School Support Services
- How SLO's Can Help
- Build relationships and facilitate communication among Army Families and the local school community
- Inform and assist parents with school transitions and deployment challenges
- Establish school and community partnerships
- Facilitate access to home school resources for parents
- Provide information about college and other post-secondary opportunities and preparation materials
- Inform and assist parents on youth education and school issues
- Finding a School
Registering you Child for school in a new location can be confusing. We know you want to get your kids settled in their new schools as quickly as possible. That’s why we work hard to help you identify local schools that fit best for you and your family. We can help you with information about how to register your child, including documents you’ll need to complete, school year start dates and age requirements. You can also contact our office and we’ll be glad to meet with you to offer more detailed information. To get started, check out some of these links below. You can also contact our office and we’ll be glad to meet with you for more detailed information.
- Local Public School Information
Fort Gordon is local to 3 school systems. Where the family lives determines which school a student attends:
- Local Public School Registration
Where Do We Register Our Student for School?
Columbia and Richmond County Schools now have online registration. Complete registration instructions are located on the school systems websites:
- Withdrawal paper from other Georgia school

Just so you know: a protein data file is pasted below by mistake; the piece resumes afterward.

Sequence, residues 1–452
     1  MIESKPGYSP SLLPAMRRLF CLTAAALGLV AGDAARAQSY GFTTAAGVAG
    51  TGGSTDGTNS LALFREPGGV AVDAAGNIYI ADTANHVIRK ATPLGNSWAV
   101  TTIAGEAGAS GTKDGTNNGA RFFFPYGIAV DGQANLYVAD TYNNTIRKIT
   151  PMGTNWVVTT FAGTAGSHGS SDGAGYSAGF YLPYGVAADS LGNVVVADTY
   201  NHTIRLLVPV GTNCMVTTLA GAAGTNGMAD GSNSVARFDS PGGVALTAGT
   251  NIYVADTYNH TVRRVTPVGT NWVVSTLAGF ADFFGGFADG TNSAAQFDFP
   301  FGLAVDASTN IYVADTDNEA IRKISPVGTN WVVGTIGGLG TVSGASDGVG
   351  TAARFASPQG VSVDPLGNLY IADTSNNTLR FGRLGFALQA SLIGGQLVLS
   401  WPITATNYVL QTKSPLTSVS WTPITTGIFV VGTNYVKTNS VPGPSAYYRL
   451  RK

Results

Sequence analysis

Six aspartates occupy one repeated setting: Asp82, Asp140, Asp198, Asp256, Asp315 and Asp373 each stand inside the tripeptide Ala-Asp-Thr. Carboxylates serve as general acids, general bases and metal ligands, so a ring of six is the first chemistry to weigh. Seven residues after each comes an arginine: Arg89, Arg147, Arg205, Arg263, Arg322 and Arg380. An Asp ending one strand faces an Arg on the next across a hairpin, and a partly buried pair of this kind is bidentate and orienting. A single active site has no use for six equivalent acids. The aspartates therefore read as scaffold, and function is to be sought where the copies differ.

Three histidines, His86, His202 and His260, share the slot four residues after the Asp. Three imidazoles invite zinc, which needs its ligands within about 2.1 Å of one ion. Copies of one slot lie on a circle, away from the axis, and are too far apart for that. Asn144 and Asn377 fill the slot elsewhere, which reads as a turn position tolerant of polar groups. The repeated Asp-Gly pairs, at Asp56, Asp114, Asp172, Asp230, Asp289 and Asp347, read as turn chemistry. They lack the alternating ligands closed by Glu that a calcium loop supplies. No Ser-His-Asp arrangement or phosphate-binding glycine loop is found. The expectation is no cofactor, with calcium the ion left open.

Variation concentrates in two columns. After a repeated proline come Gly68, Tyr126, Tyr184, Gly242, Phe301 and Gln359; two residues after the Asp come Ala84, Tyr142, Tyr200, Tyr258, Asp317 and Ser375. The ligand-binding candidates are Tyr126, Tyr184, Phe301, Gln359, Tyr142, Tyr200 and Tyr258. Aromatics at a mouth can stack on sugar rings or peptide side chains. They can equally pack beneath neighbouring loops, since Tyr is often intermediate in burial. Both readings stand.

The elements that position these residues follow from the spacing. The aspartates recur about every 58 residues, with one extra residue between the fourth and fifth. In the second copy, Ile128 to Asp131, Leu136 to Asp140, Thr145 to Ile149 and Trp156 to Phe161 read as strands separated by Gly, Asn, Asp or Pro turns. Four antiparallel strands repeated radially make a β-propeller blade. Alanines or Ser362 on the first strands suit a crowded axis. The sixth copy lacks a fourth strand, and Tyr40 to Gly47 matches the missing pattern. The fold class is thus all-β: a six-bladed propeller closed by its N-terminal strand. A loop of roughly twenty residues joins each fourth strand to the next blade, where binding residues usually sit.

- Documentation of current address
- Latest copy of student's report card
- Social Security Card
- Completed Vision, Hearing, Dental and Nutritional Form 3300**
- Completed Immunization Georgia Form 3231**
Transferring from another Richmond County School:
- Report card from previous school
- Documentation of current address
- Withdrawal paper from other school
- Documentation of current address
- Latest copy of student's report card
- Social Security Card
- Certified copy of birth certificate
- Immunization information transferred to Georgia Form 3231**
- Vision, Hearing, Dental and Nutritional Form 3300**
Enrolling in School
Georgia law requires that children must be 5 years old on or before September 1 to enroll in kindergarten and 6 years old on or before September 1 to enroll in first grade in the public schools. A child who has lived in another state for at least 2 years before moving to Georgia and who was legally enrolled in a public kindergarten or first grade in that state may enroll in a Georgia public school kindergarten or first grade, provided the child will be age 5 for kindergarten and age 6 for first grade by December 31. Pre-kindergarten programs are available for preschoolers at 30 elementary schools and 3 community centers. To qualify for Pre-K, children must be 4 years old by September 1.